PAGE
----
NIH-funded project shows graphene could provide alternative to chemicals in insect repellant and protective clothing
An innovative graphene-based film helps shield people from disease-carrying mosquitos, according to a new study funded by the National Institute of Environmental Health Sciences (NIEHS), part of the National Institutes of Health. The research, conducted by the Brown University Superfund Research Center, Providence, Rhode Island, is published in the Proceedings of the National Academy of Sciences.
“These findings could lead to new protective methods against mosquitos, without the environmental or human health effects of other chemical-based repellants,” said Heather Henry, Ph.D., a health scientist administrator with the NIEHS Superfund Research Program.
Researchers found dry graphene film seemed to interfere with mosquitos’ ability to sense skin and sweat because they did not land and try to bite. When they looked closely at videos taken of the mosquitos in action, they noticed the insects landed much less frequently on graphene than on bare skin. The graphene film also provided a strong barrier that mosquitos could not bite through, although when wet it did not stop mosquitos from landing on skin.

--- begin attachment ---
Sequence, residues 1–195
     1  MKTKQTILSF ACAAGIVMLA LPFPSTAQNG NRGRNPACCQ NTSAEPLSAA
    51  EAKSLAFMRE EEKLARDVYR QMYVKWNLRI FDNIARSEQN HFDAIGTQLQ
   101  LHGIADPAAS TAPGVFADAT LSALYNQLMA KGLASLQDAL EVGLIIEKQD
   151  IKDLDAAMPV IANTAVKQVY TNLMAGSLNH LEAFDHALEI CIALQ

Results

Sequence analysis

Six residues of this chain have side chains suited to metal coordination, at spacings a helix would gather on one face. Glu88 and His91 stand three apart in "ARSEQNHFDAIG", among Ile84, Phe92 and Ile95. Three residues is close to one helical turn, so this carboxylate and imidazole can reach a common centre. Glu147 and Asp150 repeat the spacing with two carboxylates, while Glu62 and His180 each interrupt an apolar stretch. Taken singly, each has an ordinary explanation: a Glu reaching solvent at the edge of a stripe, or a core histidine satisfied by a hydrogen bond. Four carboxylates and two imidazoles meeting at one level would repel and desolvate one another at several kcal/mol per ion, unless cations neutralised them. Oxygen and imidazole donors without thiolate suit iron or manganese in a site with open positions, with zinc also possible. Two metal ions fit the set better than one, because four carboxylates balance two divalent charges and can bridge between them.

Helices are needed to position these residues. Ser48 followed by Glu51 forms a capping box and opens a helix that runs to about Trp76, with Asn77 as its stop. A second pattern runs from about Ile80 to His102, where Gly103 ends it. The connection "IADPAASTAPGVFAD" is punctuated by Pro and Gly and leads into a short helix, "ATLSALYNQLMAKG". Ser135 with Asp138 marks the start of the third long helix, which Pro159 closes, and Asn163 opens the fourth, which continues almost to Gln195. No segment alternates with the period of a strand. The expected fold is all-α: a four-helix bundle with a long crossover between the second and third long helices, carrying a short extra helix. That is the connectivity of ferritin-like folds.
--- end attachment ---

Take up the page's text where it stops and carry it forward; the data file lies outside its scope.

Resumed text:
“We set out imagining that graphene film would act as a mechanical barrier but after observing the mosquitos’ behavior, we began to suspect they were not interested in biting,” said Robert Hurt, Ph.D., director of the Superfund Research Program at Brown University.
Mosquitos threaten public health by carrying infectious viruses such as Yellow Fever, West Nile, and Zika, leading to disability and death for millions of people every year.
Results show that graphene, a tight, honeycomb lattice of carbon, could be an alternative to chemicals now used in mosquito repellants and protective clothing. Until this study, insect-bite protection was an unexplored function of graphene-based materials.
Several years ago, Hurt began devising suits with graphene to protect workers against hazardous chemicals at environmental clean-up sites. He pointed out a wealth of literature demonstrates graphene’s impermeable qualities. Graphene is invisible to the unaided eye, yet harder than diamonds, stronger than steel, and more conductive than copper. Since its discovery in 2004, graphene has been used for a variety of barrier and filtration purposes.
“This innovation using graphene to repel mosquitos could help reduce the burden of ill health associated with a number of infectious diseases and might reduce the need for pesticides to eradicate the mosquitos that carry them,” said William Suk, Ph.D., director of the NIEHS Superfund Research Program. “New material such as this one should be assessed in the field to determine full public health implications.”
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